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If traders are positive on the prospects for the Yen, they would expect the number on the right to go down – i.e. the Yen would be getting stronger against the Dollar. Traders would be buying less Yen with a Dollar as the Yen got stronger. Similarly, if the Yen was expected to weaken, forex traders would expect the Yen number to go up, reflecting the fact that the dollar could buy more yen.
However, Forex Factory is a complete no-go for traders who use technical analysis as their edge. There are no visible technical indicators that can be used on the charting patterns. This automatically filters out a number of traders who base their traders on technical aspects. Users can use technical analysis on the partner brokers of Forex Factory.
Forex trading strategies can be either manual or automated methods for generating trading signals. Manual systems involve a trader sitting in front of a computer screen, looking for trading signals and interpreting whether to buy or sell. Automated systems involve a trader developing an algorithm that finds trading signals and executes trades on its own. The latter systems take human emotion out of the equation and may improve performance.
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Foreign exchange (forex) or FX trading involves trading the prices of global currencies, and at City Index it is possible to trade on the prices of a huge range of global currencies. Currency trading allows you to speculate on the movement of one currency against another, and is traded in pairs, for example the Euro against the US Dollar (EUR/USD).
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This strategy is employed by forex traders as a long-term plan to make the trades profitable. The indicator mainly uses the ‘Pullback’ and the ‘Trend’, both of which are fundamental in nature. In order to have a complete understanding as to how this strategy works, traders must be familiar with the more fundamental concept called ‘the trend’. It is very difficult to explain each individual price change and determine a pattern as there will be many of them. Traders need to look at the bigger picture in order to see trends. The three key Fibonacci numbers that traders should always remember are 0.382, 0.5, and 0.618. They should also keep in mind 0.764 and 0.236.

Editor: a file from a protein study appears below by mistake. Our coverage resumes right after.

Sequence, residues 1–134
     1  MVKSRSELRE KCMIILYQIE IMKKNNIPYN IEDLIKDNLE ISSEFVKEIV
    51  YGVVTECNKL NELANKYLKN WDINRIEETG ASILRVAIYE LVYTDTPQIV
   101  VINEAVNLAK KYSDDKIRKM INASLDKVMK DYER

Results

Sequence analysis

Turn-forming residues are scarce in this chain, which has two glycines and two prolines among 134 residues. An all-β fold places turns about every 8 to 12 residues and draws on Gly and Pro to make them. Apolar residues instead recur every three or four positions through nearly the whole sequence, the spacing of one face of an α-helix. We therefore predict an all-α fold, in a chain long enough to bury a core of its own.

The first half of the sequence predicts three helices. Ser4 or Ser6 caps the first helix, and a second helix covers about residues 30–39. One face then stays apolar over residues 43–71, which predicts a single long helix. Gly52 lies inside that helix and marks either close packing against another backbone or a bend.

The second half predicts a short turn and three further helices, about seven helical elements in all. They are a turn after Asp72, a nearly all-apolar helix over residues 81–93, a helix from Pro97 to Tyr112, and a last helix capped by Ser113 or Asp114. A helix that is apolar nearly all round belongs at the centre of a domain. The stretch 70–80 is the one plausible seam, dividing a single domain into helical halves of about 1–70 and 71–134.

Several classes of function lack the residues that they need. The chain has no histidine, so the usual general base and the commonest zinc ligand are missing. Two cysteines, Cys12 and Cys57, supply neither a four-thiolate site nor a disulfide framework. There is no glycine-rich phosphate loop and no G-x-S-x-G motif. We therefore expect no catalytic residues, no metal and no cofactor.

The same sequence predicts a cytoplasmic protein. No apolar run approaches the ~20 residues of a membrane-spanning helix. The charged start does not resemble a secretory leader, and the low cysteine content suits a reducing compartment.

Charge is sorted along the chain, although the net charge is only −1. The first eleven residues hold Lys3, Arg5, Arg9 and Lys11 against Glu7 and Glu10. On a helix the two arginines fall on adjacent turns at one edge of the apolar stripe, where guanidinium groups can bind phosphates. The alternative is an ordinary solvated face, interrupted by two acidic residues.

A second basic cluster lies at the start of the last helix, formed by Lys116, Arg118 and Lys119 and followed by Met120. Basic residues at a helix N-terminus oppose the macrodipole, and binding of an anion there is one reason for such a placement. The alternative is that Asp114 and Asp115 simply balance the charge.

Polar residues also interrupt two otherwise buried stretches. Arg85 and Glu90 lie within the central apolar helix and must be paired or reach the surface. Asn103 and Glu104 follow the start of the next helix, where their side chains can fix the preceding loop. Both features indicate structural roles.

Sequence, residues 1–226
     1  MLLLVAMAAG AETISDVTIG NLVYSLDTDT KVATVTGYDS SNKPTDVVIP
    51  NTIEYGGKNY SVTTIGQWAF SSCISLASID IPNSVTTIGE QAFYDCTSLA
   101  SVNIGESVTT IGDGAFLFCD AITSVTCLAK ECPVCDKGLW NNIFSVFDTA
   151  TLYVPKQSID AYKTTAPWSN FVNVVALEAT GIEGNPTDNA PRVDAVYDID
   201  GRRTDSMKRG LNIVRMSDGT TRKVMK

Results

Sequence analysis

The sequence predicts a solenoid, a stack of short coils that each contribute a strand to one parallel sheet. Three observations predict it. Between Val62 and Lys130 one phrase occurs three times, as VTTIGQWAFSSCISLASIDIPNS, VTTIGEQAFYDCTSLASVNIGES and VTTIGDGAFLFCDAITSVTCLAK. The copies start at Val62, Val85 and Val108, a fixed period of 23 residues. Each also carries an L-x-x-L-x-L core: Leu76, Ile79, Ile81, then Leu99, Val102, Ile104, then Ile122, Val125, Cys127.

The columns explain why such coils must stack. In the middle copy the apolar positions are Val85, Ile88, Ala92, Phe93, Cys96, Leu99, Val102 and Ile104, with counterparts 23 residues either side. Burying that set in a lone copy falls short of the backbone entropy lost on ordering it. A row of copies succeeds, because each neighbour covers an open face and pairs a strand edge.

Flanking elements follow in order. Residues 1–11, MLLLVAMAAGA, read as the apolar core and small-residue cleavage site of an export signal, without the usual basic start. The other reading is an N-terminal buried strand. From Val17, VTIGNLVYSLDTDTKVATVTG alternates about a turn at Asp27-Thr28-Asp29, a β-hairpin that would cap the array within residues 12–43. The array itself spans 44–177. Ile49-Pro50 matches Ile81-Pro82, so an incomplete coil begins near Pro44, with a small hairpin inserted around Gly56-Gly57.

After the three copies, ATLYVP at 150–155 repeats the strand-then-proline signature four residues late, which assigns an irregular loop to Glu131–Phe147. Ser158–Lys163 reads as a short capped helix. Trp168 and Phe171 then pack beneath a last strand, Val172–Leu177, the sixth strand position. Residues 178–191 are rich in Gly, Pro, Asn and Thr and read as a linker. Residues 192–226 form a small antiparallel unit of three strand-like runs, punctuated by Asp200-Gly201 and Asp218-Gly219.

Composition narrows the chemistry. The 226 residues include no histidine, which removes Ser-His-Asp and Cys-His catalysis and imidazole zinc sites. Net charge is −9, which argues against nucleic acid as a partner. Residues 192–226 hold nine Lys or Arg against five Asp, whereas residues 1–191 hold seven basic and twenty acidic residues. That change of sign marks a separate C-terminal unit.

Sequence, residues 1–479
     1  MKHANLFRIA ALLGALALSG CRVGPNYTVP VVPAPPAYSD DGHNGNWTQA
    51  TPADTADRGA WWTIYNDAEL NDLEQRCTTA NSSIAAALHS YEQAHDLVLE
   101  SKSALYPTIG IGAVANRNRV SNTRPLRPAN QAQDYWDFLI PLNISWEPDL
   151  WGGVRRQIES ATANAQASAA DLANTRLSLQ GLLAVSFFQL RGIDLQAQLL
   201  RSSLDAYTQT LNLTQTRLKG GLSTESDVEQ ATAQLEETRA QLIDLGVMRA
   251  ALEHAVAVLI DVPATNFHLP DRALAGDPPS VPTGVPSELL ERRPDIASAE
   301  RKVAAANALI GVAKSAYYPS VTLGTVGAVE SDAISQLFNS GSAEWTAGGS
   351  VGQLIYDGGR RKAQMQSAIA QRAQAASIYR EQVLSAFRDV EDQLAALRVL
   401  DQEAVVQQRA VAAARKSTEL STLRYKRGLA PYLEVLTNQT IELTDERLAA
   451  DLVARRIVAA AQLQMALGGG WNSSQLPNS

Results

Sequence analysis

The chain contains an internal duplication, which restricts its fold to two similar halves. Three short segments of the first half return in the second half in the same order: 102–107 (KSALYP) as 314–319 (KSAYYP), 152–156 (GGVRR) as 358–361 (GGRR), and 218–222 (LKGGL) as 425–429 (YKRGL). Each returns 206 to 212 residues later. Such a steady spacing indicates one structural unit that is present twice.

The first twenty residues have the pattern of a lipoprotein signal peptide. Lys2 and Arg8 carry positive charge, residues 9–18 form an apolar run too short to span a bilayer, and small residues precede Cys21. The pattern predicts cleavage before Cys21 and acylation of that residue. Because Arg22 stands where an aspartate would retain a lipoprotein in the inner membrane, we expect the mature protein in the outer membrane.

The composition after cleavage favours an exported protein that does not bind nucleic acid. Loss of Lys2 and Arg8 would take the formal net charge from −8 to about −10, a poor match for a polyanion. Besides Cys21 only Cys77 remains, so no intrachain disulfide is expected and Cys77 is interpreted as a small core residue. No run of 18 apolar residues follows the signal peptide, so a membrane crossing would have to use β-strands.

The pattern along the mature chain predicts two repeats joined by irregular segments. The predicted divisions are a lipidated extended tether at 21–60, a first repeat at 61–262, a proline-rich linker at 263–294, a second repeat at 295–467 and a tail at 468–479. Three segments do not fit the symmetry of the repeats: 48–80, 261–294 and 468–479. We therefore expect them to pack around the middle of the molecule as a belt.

The factors mentioned above can also cause a currency to decline. For example, the currency of a country with low inflation will generally rise because that country's purchasing power is higher relative to other currencies. Even natural disasters such as earthquakes or tsunamis, which put a strain on a nation’s economy, can have a negative impact on a currency.
When it comes to price patterns, the most important concepts include ones such as support and resistance. Put simply, these terms represent the tendency of a market to bounce back from previous lows and highs. Support is the market's tendency to rise from a previously established low. Resistance is the market's tendency to fall from a previously established high. This occurs because market participants tend to judge subsequent prices against recent highs and lows.
When trading forex, you always speculate on whether the price of the base currency will rise or fall against the counter currency. So in AUD/USD if you think AUD will rise against USD, you go long (buy) the currency pair. Alternatively, if you think AUD will fall against USD (or that USD will rise against AUD), you go short (sell) the currency pair.
Strong trending markets work best for carry trades as the strategy involves a lengthier time horizon. Confirmation of the trend should be the first step prior to placing the trade (higher highs and higher lows and vice versa) – refer to Example 1 above. There are two aspects to a carry trade namely, exchange rate risk and interest rate risk. Accordingly, the best time to open the positions is at the start of a trend to capitalise fully on the exchange rate fluctuation. Regarding the interest rate component, this will remain the same regardless of the trend as the trader will still receive the interest rate differential if the first named currency has a higher interest rate against the second named currency e.g. AUD/JPY.